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A Journal on Anesthesiology, Resuscitation, Analgesia and Intensive Care
Minerva Anestesiologica 2014 December;80(12):1302-9
Extended versus bolus infusion of meropenem and piperacillin: a pharmacokinetic analysis
De Waele J. 1, Carlier M. 2, Hoste E. 1, Depuydt P. 1, Decruyenaere J. 1, Wallis S. C. 3, Lipman J. 4, Roberts J. A. 5 ✉
1 Department of Critical Care Medicine, Ghent University Hospital, Ghent, Belgium;
2 Department of Clinical Chemistry, Ghent University Hospital, Ghent, Belgium;
3 Burns Trauma and Critical Care Research Centre, The University of Queensland, Australia;
4 Anesthesiology and Critical Care, Burns Trauma Critical Care Research Centre, The University of Queensland, Australia;
5 Royal Brisbane and Women’s Hospital and Burns Trauma Critical Care Research Centre, University of Queensland, Australia
BACKGROUND: Extended infusion of beta-lactam antibiotics has been advocated as a method for optimizing antibiotic exposure in critically ill patients. The objective of this study was to compare the pharmacokinetics/pharmacodynamics of extended infusion versus bolus infusion of piperacillin and meropenem in critically ill patients with normal renal function.
METHODS: A prospective study of 3 hours extended infusion of meropenem and piperacillin in critically ill patients without renal dysfunction. Results from the extended infusion cohort were compared to previously published bolus infusion data in critically ill patients.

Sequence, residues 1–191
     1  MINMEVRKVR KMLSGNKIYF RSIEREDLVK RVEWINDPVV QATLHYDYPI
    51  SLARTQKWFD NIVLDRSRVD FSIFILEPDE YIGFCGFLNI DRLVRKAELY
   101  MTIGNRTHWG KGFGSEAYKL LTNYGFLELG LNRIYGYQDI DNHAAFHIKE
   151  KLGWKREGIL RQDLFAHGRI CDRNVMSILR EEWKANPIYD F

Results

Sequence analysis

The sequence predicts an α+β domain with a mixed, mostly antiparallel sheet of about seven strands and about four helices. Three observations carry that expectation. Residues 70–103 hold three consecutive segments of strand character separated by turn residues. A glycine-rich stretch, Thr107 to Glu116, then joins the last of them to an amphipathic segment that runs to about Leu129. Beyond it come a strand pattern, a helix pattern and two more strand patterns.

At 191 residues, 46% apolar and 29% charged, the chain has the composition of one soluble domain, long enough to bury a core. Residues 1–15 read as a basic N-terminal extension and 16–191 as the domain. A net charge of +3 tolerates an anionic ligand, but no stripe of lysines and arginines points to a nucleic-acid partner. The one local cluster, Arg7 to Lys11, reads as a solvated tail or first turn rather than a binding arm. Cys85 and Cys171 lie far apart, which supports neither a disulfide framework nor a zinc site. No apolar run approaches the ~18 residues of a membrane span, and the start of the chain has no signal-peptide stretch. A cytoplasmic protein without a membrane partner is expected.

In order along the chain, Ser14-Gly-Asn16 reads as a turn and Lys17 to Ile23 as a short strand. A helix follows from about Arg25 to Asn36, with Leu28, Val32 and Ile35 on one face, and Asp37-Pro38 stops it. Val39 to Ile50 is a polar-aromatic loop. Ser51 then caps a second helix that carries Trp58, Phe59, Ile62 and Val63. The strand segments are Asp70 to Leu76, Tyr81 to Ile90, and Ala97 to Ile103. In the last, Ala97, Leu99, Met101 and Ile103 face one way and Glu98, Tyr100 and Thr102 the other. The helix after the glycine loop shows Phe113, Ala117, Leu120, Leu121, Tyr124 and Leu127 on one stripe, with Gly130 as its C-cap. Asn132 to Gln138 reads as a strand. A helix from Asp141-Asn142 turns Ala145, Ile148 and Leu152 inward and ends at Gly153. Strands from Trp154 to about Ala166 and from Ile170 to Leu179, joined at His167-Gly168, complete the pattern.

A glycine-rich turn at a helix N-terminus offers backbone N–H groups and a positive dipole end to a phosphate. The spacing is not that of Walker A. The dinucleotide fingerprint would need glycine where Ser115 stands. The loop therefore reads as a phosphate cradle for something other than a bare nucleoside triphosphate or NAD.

RESULTS: Twenty extended infusion patients (15 piperacillin, 5 meropenem) were compared with 13 bolus infusion patients (8 piperacillin, 5 meropenem). The demographic and clinical characteristics between both groups were not statistically different. Significant pharmacokinetic differences were observed in median (interquartile range) Cmax for both meropenem (extended infusion 17 [12.6-21.9] vs. bolus 85.2 [66.7-140.3]; P=0.01) and piperacillin (extended infusion 76.2 [57.7-92.6] vs. bolus 240.2 [168.5-275.4]; P=0.001). Considerable pharmacokinetic variability existed in each group for both drugs. Compared to bolus infusion, fT>MIC using extended infusion was higher for both drugs: 96% (IQR 71-100%) compared to 77% (IQR 41-93%) for piperacillin (P=0.05) and 82% (IQR 63-89%) compared to 51% (IQR 48-63%) for meropenem (P=0.095); assuming a MIC of 16 mg/L and 2 mg/L respectively.
CONCLUSION: This study confirms that extended infusion in critically ill patients result in advantageous pharmacokinetic profiles by increasing the fT>MIC for piperacillin and meropenem. In a significant subpopulation of critically ill patients with normal renal function, a 100% fT>MIC target is not reached, even with 3-hour extended infusions.